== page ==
Innovation in Action: Invention Tackles Treatable Disease in Rural Africa

Read the blog post that inspired this case study on the Innovate4Health or the Center for the Protection of Intellectual Property websites.

Intellectual property (IP) protections and enforcement facilitate an environment conducive to innovation – the results of which are seen, and felt, every day with new inventions. In this case study, we explore the impact of IP on the health and wellbeing of communities in rural Africa.

Who: Johns Hopkins University and Fyodor Biotechnologies

Challenge:

Ninety percent of all malaria-related deaths in 2015 occurred in Africa, due in large part to lack of access to health services and personnel – common challenges in remote communities with high rates of poverty and and a general lack of healthcare infrastructure. However, if identified early, malaria is treatable.

Opportunity:

Facilitating quicker diagnosis in resource-limited communities can help address the high malaria-related mortality rates seen in many countries in Africa. A patented test designed by Johns Hopkins University professor Dr. David Sullivan, which is currently being tested, developed and ultimately commercialized by Fyodor Biotechnologies, sought to fill the void.

Results:

The invention’s progress shows strong promise:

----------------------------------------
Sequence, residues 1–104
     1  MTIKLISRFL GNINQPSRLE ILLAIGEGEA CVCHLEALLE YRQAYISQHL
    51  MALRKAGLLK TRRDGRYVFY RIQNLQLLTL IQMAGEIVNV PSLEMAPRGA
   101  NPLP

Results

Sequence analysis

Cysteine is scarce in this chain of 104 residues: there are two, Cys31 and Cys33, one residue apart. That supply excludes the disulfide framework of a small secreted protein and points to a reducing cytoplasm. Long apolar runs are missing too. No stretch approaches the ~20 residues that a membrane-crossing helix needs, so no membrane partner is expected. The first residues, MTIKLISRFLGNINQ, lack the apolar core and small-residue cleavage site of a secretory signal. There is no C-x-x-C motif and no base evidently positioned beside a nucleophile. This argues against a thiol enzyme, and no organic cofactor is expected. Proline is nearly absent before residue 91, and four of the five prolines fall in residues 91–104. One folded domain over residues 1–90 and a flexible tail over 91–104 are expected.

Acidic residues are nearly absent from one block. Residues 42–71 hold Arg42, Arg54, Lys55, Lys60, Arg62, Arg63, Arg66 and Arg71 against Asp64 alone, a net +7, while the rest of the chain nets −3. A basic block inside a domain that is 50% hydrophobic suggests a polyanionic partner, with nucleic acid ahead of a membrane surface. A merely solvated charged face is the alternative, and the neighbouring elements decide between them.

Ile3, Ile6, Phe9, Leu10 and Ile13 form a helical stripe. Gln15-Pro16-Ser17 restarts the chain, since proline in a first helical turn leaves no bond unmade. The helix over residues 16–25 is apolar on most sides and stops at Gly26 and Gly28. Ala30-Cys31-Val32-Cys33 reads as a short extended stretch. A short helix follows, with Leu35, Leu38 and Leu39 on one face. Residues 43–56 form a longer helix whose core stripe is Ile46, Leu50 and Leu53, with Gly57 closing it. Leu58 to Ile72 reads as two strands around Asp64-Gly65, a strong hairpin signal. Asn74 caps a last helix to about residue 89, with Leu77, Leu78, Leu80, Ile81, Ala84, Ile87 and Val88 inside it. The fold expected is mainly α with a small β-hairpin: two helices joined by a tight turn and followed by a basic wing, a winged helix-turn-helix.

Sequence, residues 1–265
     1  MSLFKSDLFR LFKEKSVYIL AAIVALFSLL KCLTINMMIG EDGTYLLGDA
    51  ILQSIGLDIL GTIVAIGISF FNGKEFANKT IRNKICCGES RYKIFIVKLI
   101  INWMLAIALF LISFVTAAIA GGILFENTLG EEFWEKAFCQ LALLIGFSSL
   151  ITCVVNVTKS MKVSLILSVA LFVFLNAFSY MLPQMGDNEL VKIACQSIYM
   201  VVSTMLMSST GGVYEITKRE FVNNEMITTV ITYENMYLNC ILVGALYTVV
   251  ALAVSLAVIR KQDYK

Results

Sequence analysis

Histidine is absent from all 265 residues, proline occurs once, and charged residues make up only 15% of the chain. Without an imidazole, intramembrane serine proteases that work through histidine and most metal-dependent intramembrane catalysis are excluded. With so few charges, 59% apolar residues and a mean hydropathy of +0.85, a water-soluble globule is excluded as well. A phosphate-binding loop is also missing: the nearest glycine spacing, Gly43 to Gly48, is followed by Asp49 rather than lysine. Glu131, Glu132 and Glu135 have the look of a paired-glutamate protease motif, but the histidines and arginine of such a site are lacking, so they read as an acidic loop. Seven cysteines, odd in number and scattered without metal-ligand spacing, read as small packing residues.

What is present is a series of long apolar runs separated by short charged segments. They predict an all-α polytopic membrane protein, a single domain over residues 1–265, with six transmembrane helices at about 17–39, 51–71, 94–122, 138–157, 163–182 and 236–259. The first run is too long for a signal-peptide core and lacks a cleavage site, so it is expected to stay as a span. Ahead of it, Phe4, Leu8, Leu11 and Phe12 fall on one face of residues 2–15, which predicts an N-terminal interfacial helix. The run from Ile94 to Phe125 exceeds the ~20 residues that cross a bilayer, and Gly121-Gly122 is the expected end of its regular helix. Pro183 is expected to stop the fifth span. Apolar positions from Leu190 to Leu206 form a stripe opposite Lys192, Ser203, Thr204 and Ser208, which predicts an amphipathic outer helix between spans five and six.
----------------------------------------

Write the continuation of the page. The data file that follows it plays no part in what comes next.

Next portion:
• Dr. Sullivan’s Urine Malaria Test (UMT) provides a rapid, accurate, convenient and cost-effective test compared with the current standard, and it does not need to be administered by specially trained personnel. In fact, the test can be used by the patient in his or her own home, eliminating what may be a full-day round trip to a health care facility.
  • Fyodor Biotechnologies, founded by Nigerian biotechnologist Eddy Agbo to address malaria-related deaths in Africa, was granted rights to the UMT in 2009. Researchers at Johns Hopkins University have conducted preclinical studies, and the UMT is currently in clinical validation. Pending trial results, Fyodor intends to seek concurrent regulatory approvals from authorities in both Nigeria and the United States.

The UMT is just one example of how patented innovation can conquer global challenges – in this case, better meeting the needs of an underserved, rural population. With the strong foundation of intellectual property rights and protections, innovation is possible – and makes a real impact to improve lives around the world.